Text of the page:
The boys took off running as the tractor approached their camouflaged foxhole. They looked back just in time to see the tractor disappear head first into the black hole. That was many decades in the past. Legend has it that the tractor is now buried under a shopping mall and when it's real quiet and the moon is full, they say you can hear the ghostly sounds of a tractor engine idling where orange trees once grew.
That's a true story, except for the ghost tractor, and I may have embellished the thing about burning down Tom's fort. But that was the world I grew up in and it couldn't have been better.
Friday, April 3, 2015
Easter means chocolate eggs, Easter egg hunts, and spring break to some people. But for many others, Easter is a celebration of the resurrection of Jesus Christ. Mel Gibson's movie, "The Passion of Christ" gave us a realistic-maybe too realistic- depiction of what Jesus went through prior to and during the crucifixion.
We've seen versions of the crucifixion many times in a variety of movies. The unjustified brutality can elicit anger and hate for the Roman soldiers and religious leaders who inflicted pain and suffering on a man who only expressed love and kindness. The people chose the criminal Barabbas for freedom and the sinless Jesus for crucifixion. Evil abhors good.
One thing that has always stood out to me is something I find very difficult to comprehend. It's the fact that even on the cross, while in excruciating pain and agony, Jesus looked down from the cross at the Roman soldiers who were gambling for His clothes and said something shocking. Jesus said, "Father, forgive them for they know not what they do." He forgave them.
Could you forgive those who had whipped and tortured you and had just pounded huge nails through your wrists and feet? I couldn't, but Christ did.
We live in a time when Christians are persecuted, tortured, and killed world-wide. The persecution and hatred of Christians is increasing in America. I have a visceral reaction to those anti-Christian zealots, particularly Islamists who behead children in the name of a Muslim god. The last thing I want to do is forgive them, but that is what Jesus taught and demonstrated in the most horrific and least likely situation one would expect to find forgiveness.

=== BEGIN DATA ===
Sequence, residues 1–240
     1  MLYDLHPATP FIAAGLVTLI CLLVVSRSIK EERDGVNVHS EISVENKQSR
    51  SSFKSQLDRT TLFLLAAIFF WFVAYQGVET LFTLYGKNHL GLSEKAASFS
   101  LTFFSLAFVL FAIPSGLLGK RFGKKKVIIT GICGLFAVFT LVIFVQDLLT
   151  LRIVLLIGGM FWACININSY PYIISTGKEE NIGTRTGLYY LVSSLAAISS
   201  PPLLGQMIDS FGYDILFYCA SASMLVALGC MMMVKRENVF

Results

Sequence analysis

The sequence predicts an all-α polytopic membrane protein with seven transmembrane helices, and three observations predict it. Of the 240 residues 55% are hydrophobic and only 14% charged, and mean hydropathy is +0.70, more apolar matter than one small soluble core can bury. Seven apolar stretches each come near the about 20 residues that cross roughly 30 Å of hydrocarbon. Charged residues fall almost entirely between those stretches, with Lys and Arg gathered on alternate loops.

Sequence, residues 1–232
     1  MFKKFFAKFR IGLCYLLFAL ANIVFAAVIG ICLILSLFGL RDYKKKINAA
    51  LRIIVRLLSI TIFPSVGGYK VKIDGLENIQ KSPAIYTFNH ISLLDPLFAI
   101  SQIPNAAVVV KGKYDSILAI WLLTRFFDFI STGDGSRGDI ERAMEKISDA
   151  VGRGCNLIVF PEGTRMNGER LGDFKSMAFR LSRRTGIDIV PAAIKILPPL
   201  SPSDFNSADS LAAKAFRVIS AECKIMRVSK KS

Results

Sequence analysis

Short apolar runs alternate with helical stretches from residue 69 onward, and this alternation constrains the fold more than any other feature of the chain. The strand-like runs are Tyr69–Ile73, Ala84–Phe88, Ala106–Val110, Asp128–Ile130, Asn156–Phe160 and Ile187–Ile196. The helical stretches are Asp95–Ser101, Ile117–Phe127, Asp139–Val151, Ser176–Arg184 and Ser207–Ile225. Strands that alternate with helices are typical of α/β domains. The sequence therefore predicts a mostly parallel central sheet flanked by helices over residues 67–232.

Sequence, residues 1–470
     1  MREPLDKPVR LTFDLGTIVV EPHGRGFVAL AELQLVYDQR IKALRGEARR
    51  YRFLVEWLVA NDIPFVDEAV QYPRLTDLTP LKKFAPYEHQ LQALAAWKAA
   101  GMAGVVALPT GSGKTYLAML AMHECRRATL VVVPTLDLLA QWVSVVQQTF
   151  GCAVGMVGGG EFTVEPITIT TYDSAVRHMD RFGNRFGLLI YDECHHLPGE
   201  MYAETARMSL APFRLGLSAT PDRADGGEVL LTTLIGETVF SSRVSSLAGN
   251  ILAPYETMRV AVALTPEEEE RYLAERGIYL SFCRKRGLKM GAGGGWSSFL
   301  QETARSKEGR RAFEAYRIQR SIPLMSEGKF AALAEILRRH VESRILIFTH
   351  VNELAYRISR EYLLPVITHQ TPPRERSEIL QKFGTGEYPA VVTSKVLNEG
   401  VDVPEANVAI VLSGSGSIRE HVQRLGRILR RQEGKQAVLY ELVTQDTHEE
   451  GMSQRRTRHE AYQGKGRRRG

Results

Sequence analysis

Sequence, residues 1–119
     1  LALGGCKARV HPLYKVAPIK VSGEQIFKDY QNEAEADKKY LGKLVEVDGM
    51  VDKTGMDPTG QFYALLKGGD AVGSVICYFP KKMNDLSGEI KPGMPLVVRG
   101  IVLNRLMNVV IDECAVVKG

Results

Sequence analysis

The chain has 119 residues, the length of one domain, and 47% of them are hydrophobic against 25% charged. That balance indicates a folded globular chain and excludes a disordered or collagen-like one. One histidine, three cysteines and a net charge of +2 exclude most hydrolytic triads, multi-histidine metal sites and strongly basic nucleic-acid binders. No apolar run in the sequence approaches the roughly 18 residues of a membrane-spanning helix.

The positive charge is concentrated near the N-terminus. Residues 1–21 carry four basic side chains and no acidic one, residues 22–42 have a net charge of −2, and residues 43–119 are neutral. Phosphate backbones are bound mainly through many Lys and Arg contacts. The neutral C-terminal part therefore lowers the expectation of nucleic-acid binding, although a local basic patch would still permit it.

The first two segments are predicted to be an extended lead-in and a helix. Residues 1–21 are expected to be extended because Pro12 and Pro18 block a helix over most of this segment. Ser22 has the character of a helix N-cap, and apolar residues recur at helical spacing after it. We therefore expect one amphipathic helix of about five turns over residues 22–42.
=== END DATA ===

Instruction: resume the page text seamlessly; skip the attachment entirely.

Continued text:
I suppose I could forgive the Islamic savages after I killed them. I don't think forgiveness means acceptance and I doubt that Christians are obliged to stand by passively while evil primitives slaughter Christians and Jews, including innocent children. So there is a conflict, but Jesus said that if we want to be forgiven, we must forgive others. Talk about a dilemma . . .
We always think of forgiveness as forgiving others, but how about forgiving ourselves? I think that is some cases it's easier to forgive someone who did something to cause us pain than to forgive ourselves for things that haunt our memories and cause a sense of guilt and regret.
This whole forgiveness thing is something I don't completely understand. It seems to go against human nature. There have been many times when I have been reminded of this obligation and have tried to forgive with some degree of success. But it's difficult to wrap my mind around the astounding fact that Jesus forgave while dying in agony on the cross.
That is only one of many things that impact me personally when I consider an event that happened over two thousand years ago; an event so powerful that it divided history into BC and AD. That brief statement by Christ from the cross is sometimes overlooked, but it is immensely significant.